Not Saying "Bonjour" Upon Entry or "S'il Vous Plait" and "Merci" Enough
It's one of the first things we're taught in grade school: Mind your Ps and Qs. In Paris, it's also imperative to say "bonjour" or "bonsoir" ("hello" if it's daytime, "hello" if it's nighttime) upon entering a store or restaurant. Eye contact is encouraged, too. Acknowledge your fellow humans. It took me a while to get used to this one, and I'll never forget the time I walked up to someone at a store and launched directly into a question before saying "bonjour." Madame was not happy. When in doubt, simply start with "bonjour."
Forgetting to Book Ahead at Restaurants
Let's get back to dining out. (Did you think we were done? Mais non!) Most reputable restaurants require bookings. For some, that means the night before. For others, it means a week or month ahead. Either way, it's important to put your name on the list. Dining rooms are significantly smaller in Paris, and unlike American cities such as Los Angeles or New York, they're not as interested in turning tables and increasing head count as they are in making something delicious during their set kitchen hours. Generally, this time frame falls between noon and 2:15p.m. for lunch and 7 p.m. and 10:30p.m. for dinner, though there are all-day restaurants and cafés (look for signs that say "service continu"). Not everyone travels to eat, but if you do, plan ahead and make a reservation. Many restaurants have online systems so you don't have to worry whether to use "tu" or "vous" when addressing the person on the other line. (To be safe, always go with "vous.")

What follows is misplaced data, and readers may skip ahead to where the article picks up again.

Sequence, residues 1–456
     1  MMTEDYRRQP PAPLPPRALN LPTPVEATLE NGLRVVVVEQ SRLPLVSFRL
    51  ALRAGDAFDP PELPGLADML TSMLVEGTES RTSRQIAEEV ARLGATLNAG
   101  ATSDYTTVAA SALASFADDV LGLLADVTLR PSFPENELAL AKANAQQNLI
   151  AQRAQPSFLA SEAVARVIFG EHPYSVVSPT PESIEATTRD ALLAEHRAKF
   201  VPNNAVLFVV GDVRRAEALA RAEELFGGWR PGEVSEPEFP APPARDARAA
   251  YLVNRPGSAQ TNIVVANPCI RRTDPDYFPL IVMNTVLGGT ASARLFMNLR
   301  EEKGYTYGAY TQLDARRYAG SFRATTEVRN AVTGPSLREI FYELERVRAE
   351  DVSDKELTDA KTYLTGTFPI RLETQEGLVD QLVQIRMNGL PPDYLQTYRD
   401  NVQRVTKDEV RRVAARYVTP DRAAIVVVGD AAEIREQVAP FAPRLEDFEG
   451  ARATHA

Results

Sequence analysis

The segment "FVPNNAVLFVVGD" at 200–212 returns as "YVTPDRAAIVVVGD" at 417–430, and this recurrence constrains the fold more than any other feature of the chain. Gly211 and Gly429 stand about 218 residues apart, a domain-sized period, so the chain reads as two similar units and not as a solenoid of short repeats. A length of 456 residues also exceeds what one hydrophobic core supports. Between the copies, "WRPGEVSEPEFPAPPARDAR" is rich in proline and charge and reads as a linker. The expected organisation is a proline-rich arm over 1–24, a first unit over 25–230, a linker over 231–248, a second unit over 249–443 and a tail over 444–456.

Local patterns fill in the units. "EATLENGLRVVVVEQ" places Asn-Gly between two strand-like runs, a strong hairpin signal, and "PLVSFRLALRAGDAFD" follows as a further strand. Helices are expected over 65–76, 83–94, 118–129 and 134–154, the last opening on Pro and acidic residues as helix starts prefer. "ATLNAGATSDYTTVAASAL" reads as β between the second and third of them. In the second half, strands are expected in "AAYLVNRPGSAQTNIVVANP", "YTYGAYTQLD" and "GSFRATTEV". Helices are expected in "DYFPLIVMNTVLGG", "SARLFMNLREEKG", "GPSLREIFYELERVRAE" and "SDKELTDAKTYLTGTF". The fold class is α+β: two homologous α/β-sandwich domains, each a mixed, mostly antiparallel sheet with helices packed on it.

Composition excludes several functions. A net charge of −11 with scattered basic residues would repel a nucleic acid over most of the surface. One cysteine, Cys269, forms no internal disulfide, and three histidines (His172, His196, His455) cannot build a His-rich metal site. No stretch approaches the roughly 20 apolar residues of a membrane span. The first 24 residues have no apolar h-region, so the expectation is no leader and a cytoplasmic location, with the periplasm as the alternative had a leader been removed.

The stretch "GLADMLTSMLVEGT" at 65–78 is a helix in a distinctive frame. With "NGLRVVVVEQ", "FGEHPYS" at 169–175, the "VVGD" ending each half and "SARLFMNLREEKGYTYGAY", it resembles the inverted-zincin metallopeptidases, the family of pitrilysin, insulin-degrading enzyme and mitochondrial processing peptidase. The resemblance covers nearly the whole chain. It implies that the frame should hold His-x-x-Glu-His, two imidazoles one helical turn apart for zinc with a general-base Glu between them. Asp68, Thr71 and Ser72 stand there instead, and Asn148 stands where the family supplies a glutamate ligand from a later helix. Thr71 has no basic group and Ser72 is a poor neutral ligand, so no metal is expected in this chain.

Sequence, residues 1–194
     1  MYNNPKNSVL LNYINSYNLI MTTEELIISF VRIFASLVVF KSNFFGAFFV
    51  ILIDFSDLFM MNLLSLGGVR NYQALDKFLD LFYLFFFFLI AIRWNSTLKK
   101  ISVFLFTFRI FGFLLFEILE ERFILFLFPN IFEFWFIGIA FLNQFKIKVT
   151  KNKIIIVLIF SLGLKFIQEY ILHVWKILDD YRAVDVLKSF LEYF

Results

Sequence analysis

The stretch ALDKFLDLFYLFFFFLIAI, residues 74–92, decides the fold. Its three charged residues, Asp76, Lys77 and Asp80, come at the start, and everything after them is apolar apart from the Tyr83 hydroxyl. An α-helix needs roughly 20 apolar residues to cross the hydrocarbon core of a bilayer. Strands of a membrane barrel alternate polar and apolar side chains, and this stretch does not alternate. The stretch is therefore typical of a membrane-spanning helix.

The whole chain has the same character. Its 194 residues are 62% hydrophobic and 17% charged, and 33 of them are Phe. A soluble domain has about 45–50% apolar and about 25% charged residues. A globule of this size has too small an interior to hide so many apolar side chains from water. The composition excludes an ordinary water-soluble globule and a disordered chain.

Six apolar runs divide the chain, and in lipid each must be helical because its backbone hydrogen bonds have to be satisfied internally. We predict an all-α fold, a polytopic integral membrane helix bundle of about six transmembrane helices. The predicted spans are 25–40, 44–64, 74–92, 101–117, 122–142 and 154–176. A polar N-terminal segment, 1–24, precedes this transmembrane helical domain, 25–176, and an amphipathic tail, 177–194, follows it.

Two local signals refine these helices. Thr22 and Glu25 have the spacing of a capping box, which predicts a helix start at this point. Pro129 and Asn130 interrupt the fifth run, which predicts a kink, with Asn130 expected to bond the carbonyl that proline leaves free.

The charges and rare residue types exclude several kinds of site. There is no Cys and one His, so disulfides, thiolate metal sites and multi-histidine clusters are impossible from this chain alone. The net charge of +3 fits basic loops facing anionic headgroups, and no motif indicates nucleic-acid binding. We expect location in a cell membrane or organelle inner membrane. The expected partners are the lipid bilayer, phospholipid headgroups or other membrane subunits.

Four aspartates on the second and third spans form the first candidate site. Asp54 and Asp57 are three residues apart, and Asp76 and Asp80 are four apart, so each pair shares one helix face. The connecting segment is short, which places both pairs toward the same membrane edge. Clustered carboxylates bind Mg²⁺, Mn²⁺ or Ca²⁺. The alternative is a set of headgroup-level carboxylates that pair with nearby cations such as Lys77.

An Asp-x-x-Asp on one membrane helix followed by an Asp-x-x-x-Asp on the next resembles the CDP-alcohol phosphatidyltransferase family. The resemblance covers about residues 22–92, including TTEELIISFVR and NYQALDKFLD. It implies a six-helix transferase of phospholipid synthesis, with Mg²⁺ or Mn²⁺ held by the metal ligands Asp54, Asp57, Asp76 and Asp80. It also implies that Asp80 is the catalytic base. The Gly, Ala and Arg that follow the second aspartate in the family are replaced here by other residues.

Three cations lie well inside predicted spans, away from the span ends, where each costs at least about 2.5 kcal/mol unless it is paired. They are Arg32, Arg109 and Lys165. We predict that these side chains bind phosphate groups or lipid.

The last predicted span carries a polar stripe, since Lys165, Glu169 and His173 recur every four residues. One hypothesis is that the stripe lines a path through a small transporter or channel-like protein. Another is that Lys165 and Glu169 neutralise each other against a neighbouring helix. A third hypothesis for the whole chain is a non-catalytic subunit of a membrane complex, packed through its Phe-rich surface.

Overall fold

Visiting in August or December